Should Your Child Stay Home From School?

Sometimes children complain of not feeling well in order to stay home from school. These tips can help parents decide whether to let them.

Throughout history, it seems, kids have tried every trick in the book to get out of going to school:

"Mommy, my head hurts. Can I stay home?"

"I have a stomach ache."

"Maybe I'm getting sick."

"Do I feel warm to you?"

A quick check with the teacher will confirm that in a high number of these cases, a test or assignment is due the day your child reports feeling ill.

But at other times a young pupil may indeed not feel well. Working parents anxiously try to assess their child's symptoms since they will need to contact the school and in some cases arrange child care while they head off to work.



Although no one but a doctor can say with certainty whether a child is truly ill or feigning symptoms, here are a few guidelines that may help you decide whether to send him off to school or take her to the doctor:

1. A fever means that the body is fighting off an infection. Not only do feverish children feel tired from this warfare, a person with a fever may be contagious, so it may be best to let your child rest at home for the day. Some fevers last a matter of hours, while others rage for days. Call the doctor for directions about what the temperature may mean and how to treat it. The doctor's nurse will let you know if your child needs a medical examination.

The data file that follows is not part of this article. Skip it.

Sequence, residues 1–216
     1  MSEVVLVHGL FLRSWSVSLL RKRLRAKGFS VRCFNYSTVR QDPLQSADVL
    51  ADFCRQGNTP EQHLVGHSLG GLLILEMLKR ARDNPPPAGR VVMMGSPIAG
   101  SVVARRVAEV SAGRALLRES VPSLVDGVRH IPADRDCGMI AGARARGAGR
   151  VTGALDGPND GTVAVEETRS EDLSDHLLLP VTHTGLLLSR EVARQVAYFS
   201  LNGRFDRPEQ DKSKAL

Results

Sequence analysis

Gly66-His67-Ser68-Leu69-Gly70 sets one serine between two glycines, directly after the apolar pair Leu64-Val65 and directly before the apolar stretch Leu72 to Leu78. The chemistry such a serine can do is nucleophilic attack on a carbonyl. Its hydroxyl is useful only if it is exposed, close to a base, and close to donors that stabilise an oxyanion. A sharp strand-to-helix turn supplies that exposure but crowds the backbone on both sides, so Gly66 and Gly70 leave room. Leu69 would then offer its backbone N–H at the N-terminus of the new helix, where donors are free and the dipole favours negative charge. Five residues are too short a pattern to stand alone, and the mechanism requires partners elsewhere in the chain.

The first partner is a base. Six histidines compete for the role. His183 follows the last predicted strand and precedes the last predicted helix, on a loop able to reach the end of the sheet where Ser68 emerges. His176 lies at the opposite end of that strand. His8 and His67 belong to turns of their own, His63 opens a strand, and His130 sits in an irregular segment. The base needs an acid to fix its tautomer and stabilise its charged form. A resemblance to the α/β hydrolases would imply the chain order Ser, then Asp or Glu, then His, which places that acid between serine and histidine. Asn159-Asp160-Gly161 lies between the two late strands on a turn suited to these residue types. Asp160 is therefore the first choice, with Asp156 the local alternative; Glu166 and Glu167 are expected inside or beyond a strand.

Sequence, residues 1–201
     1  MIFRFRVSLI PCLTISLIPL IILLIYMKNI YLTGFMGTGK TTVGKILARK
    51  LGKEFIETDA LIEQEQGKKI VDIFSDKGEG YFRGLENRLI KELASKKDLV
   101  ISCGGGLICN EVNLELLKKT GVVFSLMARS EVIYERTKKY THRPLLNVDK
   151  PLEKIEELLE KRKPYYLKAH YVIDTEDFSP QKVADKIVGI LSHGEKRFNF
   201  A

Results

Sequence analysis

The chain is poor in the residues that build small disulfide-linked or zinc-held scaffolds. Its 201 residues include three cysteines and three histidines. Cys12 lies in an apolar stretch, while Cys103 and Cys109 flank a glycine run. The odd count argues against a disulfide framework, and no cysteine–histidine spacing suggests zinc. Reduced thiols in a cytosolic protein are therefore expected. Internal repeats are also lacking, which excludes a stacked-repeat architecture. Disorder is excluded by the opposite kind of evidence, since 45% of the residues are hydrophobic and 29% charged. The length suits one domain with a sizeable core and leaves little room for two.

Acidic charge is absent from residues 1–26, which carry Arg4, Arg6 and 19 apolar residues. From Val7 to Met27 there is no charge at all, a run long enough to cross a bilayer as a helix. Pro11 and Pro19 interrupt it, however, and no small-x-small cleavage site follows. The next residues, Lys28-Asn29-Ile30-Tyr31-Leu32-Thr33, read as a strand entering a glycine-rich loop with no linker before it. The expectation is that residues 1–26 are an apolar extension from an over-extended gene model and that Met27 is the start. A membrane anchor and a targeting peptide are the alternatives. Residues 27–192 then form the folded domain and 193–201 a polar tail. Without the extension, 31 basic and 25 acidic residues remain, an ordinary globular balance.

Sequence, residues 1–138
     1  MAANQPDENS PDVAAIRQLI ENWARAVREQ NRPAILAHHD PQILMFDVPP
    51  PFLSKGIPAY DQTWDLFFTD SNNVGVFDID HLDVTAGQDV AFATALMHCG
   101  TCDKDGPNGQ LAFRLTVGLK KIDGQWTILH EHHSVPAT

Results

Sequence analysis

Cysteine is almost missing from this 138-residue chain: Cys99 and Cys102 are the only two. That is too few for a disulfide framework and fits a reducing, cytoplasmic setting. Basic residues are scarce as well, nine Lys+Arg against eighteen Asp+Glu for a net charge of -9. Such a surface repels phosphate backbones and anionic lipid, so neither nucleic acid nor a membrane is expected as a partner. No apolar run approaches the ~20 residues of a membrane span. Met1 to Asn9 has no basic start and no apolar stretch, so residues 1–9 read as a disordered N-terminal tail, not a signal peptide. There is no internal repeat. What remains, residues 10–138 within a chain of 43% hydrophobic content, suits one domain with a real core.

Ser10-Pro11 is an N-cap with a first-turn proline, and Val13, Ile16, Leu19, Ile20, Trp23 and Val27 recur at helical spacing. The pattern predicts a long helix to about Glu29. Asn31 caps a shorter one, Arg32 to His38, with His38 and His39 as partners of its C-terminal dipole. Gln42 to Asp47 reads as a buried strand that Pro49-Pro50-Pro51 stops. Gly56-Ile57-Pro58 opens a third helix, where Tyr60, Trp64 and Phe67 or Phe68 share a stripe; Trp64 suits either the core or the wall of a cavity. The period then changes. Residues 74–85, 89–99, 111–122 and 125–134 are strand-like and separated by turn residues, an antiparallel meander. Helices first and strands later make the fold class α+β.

2. Skin rashes need to be checked by your doctor. Broken skin, welts, raised pustules, and other types of breakouts should be professionally evaluated and treated with the proper medicine before your child returns to daily contact with other kids. Even "pink eye" (or conjunctivitis) requires antibiotic drops for prompt healing.

3. Heavy colds or "below the neck" viruses can be cause for concern. These can lead to conditions like bronchitis, pneumonia, and pleurisy if left untreated. Runny noses, coughs, and general malaise may make your child feel tired and listless, so schoolwork probably is out of the question.

4. Unusual symptoms need to be evaluated by your doctor. A stiff neck or jaw, extreme fatigue, lethargy, vomiting, diarrhea, and other non-typical symptoms require prompt medical diagnosis, as they may reflect a serious underlying condition.

5. Generalized malaise, lack of appetite, or not feeling well. Sometimes kids just get overwhelmed by hectic lifestyles. Parents will be the best judge of whether to send a child to school with these symptoms. In general, most school age children need eight to ten hours of sleep each night, and should drink six to eight glasses of liquid each day, along with eating balanced meals that include all of the five food groups. If your child has not been getting these vital nutrients and rest, a day home from school may help a weakened body to recover. If the symptoms persist, make an appointment with your doctor.

Your child may be telling the truth in saying "I don't feel good." If you are unsure, insist on complete bed rest for the day; if they agree, they may truly be ill. Never take chances with your son's or daughter's health.

© High Speed Ventures 2011